(TNS) — Officials monitoring city of Portland, Ore.'s, technology projects reported their "strong concern" about the company handling Portland's long-plagued digital building permits project Wednesday. But they also said those concerns have since been allayed.
Members of the city's technology oversight committee rated the Portland Online Permitting System project yellow on a green-yellow-red scale (green being best, red worst) for its expected completion date, budget and project stability. An independent project consultant gave the same ratings.
"While the status is yellow, we do see it as an upward trajectory," committee member Dyanna Garcia, a manager at Nike, told the City Council.
The committee wrote in its quarterly report that it has "strong concern about the vendor's timeliness and ability to respond to issues that have arisen."
Jeff Baer, director of the city Bureau of Technology Services, said those concerns arise from "defects" found in test systems supplied by the vendor. Those defects have since been fixed, Baer said, but were noted in the technology committee report because they were caught during the July through September monitoring period.
Baer told the City Council on Wednesday that the permits project, known as POPS, "is not without challenges." But he said it is "going pretty well" and there are "no significant issues."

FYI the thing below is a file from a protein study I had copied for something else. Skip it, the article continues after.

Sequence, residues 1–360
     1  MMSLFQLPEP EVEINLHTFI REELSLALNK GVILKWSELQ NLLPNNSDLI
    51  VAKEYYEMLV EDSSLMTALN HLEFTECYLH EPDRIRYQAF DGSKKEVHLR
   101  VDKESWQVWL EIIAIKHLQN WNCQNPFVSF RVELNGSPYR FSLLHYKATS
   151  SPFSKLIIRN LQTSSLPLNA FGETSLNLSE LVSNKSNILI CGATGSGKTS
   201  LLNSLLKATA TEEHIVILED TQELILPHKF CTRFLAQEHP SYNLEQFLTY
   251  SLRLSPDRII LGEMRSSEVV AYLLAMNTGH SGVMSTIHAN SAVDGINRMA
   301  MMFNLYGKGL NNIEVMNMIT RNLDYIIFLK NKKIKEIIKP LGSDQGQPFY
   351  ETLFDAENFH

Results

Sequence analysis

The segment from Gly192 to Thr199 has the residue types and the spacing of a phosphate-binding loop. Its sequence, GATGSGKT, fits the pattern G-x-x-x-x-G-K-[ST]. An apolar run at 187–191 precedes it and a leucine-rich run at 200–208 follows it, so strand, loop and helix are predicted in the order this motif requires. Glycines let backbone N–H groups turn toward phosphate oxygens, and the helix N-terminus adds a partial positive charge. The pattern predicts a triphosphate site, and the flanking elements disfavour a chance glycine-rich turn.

Wednesday's quarterly report also for the first time made clear the project budget is $12 million. Its expected completion date, Sept. 30 of this year, has been revised to "T.B.D."
POPS is a rebrand of an earlier online permits system project called Information Technology Advancement Project, or ITAP. That project was supposed to bring the city permitting bureau into the digital age, allowing developers and permits workers to submit and access records online. But it was never finished, and later replaced with POPS.
The ITAP project turned into a boondoggle as it blew past scheduled deadlines despite more than $8 million in city spending on the project. Portland cut ties with the company building it in 2016 after a consultant recommended work on the project be halted.
Among the consultant's recommendations: A rebranding effort, which would give the tech project a "fresh start."
Baer, the technology bureau head, said he is cautiously optimistic about the POPS project, and doesn't expect it to blow past its budget. He said a test run of the system has processed two commercial building permits and earned rave reviews from users.
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